She Who Became the Sun
To possess the Mandate of Heaven, the female monk Zhu will do anything
“I refuse to be nothing…”
In a famine-stricken village on a dusty yellow plain, two children are given two fates. A boy, greatness. A girl, nothingness…
In 1345, China lies under harsh Mongol rule. For the starving peasants of the Central Plains, greatness is something found only in stories. When the Zhu family’s eighth-born son, Zhu Chongba, is given a fate of greatness, everyone is mystified as to how it will come to pass. The fate of nothingness received by the family’s clever and capable second daughter, on the other hand, is only as expected.
When a bandit attack orphans the two children, though, it is Zhu Chongba who succumbs to despair and dies. Desperate to escape her own fated death, the girl uses her brother's identity to enter a monastery as a young male novice. There, propelled by her burning desire to survive, Zhu learns she is capable of doing whatever it takes, no matter how callous, to stay hidden from her fate.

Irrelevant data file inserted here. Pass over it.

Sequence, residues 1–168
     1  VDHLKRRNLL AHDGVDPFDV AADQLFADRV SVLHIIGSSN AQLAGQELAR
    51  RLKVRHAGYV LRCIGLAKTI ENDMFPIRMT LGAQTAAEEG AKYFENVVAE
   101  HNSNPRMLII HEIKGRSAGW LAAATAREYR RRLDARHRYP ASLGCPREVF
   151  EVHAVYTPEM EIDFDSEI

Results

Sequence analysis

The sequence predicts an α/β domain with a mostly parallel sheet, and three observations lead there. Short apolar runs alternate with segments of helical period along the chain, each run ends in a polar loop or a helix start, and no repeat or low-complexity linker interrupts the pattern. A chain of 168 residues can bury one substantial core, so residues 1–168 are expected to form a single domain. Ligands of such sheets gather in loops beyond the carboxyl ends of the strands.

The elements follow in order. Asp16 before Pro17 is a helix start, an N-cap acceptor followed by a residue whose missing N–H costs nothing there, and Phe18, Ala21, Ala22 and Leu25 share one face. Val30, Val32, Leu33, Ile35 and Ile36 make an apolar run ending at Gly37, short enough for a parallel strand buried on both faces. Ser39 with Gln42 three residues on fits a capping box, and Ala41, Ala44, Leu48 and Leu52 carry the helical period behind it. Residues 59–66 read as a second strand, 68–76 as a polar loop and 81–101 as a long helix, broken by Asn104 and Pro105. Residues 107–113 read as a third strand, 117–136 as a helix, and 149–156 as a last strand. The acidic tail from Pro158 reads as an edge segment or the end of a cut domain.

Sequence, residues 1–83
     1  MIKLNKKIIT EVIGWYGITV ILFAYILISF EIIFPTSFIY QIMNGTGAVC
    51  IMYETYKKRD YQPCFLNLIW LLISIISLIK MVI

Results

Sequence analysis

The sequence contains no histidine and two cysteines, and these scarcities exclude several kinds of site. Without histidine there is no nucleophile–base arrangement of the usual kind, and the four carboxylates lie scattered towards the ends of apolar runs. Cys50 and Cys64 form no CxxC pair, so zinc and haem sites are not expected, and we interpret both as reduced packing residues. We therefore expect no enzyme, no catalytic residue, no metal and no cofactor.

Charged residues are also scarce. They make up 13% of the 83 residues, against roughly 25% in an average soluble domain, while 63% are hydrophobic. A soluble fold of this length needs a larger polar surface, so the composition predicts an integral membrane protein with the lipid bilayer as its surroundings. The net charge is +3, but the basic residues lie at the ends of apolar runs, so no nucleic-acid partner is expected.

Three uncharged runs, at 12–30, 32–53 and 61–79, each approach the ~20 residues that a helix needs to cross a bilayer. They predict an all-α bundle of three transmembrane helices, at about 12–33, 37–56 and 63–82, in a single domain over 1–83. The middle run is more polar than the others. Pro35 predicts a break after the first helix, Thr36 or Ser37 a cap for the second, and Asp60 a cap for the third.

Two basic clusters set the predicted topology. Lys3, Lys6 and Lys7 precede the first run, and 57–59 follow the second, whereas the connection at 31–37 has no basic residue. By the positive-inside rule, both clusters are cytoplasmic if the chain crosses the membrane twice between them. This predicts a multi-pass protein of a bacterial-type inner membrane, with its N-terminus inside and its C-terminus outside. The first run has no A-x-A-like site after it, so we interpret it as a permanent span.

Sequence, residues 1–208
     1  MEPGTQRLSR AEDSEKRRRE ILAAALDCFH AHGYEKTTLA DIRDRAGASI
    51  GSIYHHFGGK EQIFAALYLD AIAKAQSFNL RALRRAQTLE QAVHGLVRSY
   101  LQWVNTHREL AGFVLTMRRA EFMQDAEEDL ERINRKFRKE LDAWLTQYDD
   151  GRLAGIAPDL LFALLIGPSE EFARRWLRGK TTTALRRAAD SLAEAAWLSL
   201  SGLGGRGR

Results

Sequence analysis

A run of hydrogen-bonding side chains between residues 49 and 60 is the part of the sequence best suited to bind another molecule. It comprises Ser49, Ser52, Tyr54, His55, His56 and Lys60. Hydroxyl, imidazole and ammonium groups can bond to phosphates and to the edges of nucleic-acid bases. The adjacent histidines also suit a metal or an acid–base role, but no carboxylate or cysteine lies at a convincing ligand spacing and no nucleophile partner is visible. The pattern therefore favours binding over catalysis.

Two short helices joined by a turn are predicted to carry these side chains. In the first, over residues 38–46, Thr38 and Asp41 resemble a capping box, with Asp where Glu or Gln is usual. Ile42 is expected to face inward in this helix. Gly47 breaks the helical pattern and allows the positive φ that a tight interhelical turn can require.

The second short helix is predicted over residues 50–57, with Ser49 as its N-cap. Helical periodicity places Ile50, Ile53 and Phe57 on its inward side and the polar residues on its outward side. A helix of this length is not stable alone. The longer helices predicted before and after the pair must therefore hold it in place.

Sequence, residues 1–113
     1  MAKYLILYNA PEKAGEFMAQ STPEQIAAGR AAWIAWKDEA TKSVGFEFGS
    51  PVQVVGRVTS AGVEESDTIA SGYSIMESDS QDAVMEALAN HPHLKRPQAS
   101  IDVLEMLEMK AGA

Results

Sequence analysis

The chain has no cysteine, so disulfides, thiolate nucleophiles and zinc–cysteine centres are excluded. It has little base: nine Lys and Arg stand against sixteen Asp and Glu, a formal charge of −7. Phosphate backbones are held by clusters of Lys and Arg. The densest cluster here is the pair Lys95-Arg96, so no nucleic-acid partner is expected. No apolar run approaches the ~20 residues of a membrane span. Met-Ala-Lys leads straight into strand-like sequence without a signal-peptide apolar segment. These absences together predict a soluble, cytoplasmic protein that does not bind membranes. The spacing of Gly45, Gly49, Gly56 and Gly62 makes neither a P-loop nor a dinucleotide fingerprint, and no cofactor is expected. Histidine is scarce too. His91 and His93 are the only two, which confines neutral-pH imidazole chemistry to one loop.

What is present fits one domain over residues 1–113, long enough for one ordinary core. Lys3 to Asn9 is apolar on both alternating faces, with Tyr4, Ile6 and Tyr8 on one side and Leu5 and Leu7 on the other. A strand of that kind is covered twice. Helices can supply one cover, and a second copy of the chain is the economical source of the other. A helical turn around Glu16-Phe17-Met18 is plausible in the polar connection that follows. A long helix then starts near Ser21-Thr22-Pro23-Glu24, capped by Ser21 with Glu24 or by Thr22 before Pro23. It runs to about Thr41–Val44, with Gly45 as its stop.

After her sanctuary is destroyed for supporting the rebellion against Mongol rule, Zhu takes the chance to claim another future altogether: her brother's abandoned greatness.
3 Reasons to read SHE WHO BECAME THE SUN:
1.) The plot: SHE WHO BECAME THE SUN spans across several years. The beginning half is primarily focused on building Zhu’s character and showing her experience at the monastery. This is a plot that asks the reader to be patient but rewards the patience with an explosive final third act that weaves everything together. It is well worth the time to get comfortable in Zhu’s dynamic world.
2.) The theme of fate: Fate plays a large role in this story. The threat of an empty fate is what prompts Zhu to take her brother’s, but we also see other characters get tangled in their own fates. It isn’t so much asking if everything is pre-destined but more exploring of how far people will go to claim the vision they have of their own fate and what sacrifices they are willing to make.
3.) The gritty world-building: Zhu’s world, 1345 China under Mongol rule, is not easy for anyone, but especially not so for a girl. What I love about Parker-Chan’s framing of this hard world is that no detail or scene is gratuitous. There is no unwarranted gore or violence that some war-centered novels have. Every slap, strike, and stab have a reason and serve a clear purpose. It is also refreshing to see a story like this that doesn’t include sexual assault.
SHE WHO BECAME THE SUN is a harsh, beautiful story that punches you right in the heart.